European regulators raid top pharmas for suspected antitrust activity
BRUSSELS, Belgium—As part of an ongoing antitrust investigation of several large pharmas, European regulators on Oct. 6 raided at least three of the world’s top drugmakers, according to the European Commission (EC).
A commission spokesman confirmed that regulators performed surprise inspections on several companies, but did not specify which companies were raided.
"The European Commission can confirm that on Oct. 6, Commission officials started surprise inspections at the premises of certain companies active in the pharmaceutical industry," the EC says in a prepared statement. "The Commission has reason to believe that the provisions of the EC Treaty prohibiting restrictive business practices and/or the abuse of a dominant market position (Articles 81 and 82) may have been infringed."
Teva and Novartis confirmed to Drug Discovery News that they were investigated. According to media reports, French pharma sanofi-aventis, India’s Ranbaxy and Ratiopharm of Germany were also visited by regulators.
“We can confirm that the Commission has visited the offices of Sandoz, France,” a Novartis Media Relations representative says. “We are cooperating fully with the authorities. At the moment, we cannot comment on the nature of the investigation.”
Shir Altay, a Teva Corporate Communications representative, says the visit was “part of a broader investigation regarding uncompetitive practices within the generic industry in France.”
“Officials from the EU commission visited our offices in Paris Tuesday, Oct. 6. We are providing full support to the Commission officials. In any event, we believe that Teva France has conducted its business in a responsible manner,” Altay says.
GlaxoSmithKline, Roche, Bayer, Novo Nordisk and Lundbeck told Reuters they were not aware of any raids on their companies.
The EU began raiding some of the world’s top pharmas in January 2008. According to the European Union (EU), drugmakers are illegally blocking the release of generic drugs, which they suspect has cost the healthcare system billions of dollars. The EU estimates that such “delays” in generic releases, which regulators suspect may happen when drugmakers cut deals with generic producers to hold back the introduction of less expensive versions of their drugs, have resulted in a 20 percent cost increase to consumers.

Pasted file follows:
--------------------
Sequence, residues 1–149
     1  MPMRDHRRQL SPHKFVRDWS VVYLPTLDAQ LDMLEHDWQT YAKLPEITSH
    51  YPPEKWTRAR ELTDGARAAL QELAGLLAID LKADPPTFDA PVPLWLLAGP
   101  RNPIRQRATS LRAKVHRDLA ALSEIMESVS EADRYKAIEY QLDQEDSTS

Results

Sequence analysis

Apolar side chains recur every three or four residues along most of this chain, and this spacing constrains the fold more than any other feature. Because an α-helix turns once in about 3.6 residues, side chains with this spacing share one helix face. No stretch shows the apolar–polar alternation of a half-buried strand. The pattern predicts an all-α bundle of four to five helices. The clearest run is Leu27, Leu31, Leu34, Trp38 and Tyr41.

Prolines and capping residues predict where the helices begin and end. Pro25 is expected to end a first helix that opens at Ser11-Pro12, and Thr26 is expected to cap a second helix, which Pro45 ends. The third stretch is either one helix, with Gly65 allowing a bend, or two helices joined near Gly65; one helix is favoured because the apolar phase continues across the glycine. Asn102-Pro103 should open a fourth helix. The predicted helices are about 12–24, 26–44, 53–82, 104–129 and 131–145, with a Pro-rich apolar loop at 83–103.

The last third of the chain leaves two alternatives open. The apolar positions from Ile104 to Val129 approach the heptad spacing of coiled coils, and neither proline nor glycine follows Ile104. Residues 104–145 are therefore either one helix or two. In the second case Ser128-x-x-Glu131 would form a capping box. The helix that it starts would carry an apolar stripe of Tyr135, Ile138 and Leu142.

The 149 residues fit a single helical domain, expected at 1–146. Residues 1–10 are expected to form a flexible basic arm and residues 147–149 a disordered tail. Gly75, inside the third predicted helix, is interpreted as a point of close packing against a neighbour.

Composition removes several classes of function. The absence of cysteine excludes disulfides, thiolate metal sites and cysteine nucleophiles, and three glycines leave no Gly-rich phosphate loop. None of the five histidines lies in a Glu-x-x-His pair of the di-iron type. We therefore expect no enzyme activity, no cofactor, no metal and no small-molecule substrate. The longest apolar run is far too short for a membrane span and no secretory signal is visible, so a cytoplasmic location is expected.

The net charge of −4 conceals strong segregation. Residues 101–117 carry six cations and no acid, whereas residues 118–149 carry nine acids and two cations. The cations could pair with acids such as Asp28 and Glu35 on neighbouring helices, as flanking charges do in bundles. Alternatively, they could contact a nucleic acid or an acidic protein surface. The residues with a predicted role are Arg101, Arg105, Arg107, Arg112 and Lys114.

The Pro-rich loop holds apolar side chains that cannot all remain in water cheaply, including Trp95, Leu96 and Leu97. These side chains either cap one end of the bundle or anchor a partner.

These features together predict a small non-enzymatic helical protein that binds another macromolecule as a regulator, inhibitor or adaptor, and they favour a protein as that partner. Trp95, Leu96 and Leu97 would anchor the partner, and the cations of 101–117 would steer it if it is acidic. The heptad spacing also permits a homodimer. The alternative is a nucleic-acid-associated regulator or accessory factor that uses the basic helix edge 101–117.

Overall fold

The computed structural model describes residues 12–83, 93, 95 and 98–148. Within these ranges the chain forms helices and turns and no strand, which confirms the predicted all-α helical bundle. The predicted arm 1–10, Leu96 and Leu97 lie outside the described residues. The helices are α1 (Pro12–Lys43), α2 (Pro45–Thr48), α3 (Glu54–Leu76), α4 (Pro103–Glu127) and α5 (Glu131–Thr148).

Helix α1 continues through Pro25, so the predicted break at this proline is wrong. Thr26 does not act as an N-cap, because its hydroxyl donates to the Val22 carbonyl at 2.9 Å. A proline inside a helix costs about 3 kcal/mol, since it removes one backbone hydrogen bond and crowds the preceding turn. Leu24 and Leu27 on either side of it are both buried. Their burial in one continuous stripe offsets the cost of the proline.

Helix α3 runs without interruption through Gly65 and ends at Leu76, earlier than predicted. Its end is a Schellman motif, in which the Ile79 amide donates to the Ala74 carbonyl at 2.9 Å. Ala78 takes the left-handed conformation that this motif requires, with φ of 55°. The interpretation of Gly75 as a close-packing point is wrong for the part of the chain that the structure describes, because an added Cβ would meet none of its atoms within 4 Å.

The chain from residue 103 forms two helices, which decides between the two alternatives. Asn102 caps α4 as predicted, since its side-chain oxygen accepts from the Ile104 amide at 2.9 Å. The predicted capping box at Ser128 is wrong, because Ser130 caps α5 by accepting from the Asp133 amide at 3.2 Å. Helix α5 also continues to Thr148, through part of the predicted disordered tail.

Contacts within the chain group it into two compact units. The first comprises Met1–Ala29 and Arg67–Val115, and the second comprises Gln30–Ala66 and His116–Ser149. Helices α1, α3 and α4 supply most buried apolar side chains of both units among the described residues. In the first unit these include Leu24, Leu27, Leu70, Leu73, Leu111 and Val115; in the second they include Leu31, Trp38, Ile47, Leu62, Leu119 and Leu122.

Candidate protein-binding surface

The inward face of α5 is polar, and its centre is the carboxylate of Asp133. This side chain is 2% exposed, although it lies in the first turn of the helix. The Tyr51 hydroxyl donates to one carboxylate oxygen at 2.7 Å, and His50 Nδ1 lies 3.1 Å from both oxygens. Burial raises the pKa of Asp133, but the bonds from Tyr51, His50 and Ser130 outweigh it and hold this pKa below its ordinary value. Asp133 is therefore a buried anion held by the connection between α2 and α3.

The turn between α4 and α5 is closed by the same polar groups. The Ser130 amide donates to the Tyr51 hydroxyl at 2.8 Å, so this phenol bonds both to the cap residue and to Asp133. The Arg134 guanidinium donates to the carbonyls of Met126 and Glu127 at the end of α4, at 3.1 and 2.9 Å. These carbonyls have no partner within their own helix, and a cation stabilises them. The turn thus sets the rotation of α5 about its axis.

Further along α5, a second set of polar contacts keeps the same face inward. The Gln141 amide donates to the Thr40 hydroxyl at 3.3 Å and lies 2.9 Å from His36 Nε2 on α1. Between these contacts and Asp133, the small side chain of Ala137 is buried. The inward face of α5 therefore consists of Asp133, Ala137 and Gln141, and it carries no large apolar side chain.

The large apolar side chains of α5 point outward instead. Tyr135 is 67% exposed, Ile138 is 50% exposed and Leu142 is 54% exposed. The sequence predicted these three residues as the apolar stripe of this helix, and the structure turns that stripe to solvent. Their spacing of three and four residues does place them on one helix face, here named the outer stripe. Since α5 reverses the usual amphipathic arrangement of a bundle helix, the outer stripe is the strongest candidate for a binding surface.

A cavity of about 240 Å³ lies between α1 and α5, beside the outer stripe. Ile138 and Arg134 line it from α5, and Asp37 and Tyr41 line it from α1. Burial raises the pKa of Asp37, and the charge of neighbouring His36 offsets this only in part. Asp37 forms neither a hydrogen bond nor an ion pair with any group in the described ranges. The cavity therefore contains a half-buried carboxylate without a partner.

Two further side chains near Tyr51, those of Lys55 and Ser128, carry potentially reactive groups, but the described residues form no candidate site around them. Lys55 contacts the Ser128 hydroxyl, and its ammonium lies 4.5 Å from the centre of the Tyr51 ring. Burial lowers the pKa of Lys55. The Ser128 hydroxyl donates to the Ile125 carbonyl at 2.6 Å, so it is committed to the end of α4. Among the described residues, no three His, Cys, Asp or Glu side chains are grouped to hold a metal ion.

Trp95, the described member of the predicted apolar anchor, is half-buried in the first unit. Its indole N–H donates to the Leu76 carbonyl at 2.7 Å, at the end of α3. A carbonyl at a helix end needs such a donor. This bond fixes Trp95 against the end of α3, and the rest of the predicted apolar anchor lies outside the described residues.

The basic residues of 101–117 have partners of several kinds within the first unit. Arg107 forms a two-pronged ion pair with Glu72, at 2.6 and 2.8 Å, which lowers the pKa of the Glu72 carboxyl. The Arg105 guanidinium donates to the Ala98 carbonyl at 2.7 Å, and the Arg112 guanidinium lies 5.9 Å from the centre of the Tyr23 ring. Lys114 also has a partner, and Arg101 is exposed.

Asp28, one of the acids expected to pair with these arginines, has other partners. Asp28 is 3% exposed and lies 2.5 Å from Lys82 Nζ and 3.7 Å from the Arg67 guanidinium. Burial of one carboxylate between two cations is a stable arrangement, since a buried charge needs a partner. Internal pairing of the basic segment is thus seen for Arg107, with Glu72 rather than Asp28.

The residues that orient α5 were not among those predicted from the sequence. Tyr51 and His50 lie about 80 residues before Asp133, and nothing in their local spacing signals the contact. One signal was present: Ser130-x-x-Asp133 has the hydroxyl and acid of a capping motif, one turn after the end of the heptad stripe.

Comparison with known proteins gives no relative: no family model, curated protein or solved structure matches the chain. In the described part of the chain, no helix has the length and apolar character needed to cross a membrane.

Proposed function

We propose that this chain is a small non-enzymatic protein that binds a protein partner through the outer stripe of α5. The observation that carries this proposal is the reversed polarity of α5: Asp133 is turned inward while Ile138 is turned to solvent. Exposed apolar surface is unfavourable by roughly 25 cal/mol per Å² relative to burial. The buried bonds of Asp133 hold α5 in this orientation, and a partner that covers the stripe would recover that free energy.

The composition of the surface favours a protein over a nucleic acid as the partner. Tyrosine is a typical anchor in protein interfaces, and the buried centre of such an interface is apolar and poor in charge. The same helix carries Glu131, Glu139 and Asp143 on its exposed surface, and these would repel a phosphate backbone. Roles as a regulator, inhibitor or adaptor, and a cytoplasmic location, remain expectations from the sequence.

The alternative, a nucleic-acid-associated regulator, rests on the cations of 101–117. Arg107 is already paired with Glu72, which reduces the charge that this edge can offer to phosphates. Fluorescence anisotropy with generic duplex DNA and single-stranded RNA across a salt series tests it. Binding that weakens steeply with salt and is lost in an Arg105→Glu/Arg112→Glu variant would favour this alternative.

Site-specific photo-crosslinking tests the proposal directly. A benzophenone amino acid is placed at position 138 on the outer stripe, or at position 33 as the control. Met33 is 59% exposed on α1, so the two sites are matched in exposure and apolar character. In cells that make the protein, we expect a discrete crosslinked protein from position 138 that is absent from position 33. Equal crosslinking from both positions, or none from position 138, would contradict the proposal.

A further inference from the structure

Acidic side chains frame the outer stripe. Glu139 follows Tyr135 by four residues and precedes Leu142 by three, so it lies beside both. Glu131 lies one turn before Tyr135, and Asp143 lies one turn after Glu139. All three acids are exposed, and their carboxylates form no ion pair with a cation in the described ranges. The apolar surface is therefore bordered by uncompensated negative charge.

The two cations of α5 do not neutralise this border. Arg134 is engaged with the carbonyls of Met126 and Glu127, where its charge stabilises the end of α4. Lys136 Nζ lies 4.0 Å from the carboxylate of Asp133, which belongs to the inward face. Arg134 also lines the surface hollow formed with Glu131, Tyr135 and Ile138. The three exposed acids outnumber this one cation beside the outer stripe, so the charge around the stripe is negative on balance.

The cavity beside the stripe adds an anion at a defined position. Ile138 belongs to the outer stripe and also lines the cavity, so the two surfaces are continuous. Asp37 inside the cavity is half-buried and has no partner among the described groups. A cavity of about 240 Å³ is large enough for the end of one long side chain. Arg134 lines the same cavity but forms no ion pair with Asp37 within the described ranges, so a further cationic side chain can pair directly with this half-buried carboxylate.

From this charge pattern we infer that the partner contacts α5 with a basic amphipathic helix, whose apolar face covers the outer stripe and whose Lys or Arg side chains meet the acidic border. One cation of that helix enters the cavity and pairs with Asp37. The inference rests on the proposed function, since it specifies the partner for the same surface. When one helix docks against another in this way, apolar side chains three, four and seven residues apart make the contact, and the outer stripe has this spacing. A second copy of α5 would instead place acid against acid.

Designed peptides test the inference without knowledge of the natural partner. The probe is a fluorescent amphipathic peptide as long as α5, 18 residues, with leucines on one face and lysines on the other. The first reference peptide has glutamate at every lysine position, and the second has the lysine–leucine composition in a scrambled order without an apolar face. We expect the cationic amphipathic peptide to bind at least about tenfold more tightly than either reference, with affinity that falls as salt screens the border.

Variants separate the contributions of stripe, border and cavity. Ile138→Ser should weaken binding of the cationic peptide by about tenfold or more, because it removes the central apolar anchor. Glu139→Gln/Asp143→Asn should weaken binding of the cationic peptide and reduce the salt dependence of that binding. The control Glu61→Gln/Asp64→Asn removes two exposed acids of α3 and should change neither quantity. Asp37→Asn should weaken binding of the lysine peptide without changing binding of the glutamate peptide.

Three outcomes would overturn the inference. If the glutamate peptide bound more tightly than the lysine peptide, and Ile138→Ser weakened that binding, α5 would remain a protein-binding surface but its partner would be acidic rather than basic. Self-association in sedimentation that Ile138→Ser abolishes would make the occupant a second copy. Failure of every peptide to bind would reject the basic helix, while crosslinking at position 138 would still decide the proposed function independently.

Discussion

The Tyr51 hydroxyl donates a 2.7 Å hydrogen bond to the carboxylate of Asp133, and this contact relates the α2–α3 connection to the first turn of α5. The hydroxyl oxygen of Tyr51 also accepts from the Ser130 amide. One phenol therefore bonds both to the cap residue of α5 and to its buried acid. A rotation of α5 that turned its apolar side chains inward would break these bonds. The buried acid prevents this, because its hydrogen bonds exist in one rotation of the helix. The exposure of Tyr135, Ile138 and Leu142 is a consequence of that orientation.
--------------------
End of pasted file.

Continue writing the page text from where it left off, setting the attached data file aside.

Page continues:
The pharmas have contended that most of the delays—which have been the subject of many high-figure legal settlements in the United States—are due to regulatory and other bureaucratic issues, rather than deliberate action by companies.
"Surprise inspections are a preliminary step in the investigation of suspected anticompetitive practices," an EC spokesman says. "The fact that the European Commission carries out such inspections does not mean that the companies are guilty of anti-competitive behavior, nor does it prejudge the outcome of the investigation itself. The European Commission respects the rights of defense, in particular the right of companies to be heard in the Commission’s proceedings against them."
In a report issued in July, EC Commissioner Neelie Kroes said she would not hesitate to go after drugmakers that cut deals with generic drugmakers.
To date, the commission has only launched one specific investigation that probed alleged blocks on generic versions of Servier’s heart drug perindopril.
"There is no fixed deadline to complete inquiries into anticompetitive conduct," the EC spokesman says. "Their duration depends on a number of factors, including the complexity of each case, the extent to which the undertakings concerned co-operate with the Commission and the exercise of the rights of defense."
In a separate legal development, in what is being considered a victory for the pharmaceutical industry, the European Court of Justice on Oct. 6 rendered a decision telling EU lawmakers to reconsider claims that GSK’s wholesale pricing policy is anticompetitive.
The case centered on different pricing that GSK established in 1998 for products in Spain depending on whether they are used nationally or resold. The company opposed discount drug trading, which exploits a price differential for medical products among countries.
Europe’s Court of First Instance first examined the issue after the EC determined that the practice violated competition law. The court agreed that the practice was anticompetitive, but annulled the EC’s decision, saying that it did not adequately consider the possible advantage of innovation in the industry.
The parties appealed to the Europe’s highest court, which held that although the lower court erred in defining consumer disadvantage as a prerequisite for anticompetitiveness, its decision was otherwise well-founded. The court also dismissed a portion of the appeal asking for a special exemption to European law, saying that an exemption must demonstrate technical or economic progress, the burden of proof for which lies with the requesting company.
The court dismissed the appeal, and the issue has been remanded to the EC.